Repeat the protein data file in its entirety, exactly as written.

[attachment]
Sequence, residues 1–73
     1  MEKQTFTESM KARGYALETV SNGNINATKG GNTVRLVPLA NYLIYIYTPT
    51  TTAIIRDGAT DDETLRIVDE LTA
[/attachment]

Sequence, residues 1–73
     1  MEKQTFTESM KARGYALETV SNGNINATKG GNTVRLVPLA NYLIYIYTPT
    51  TTAIIRDGAT DDETLRIVDE LTA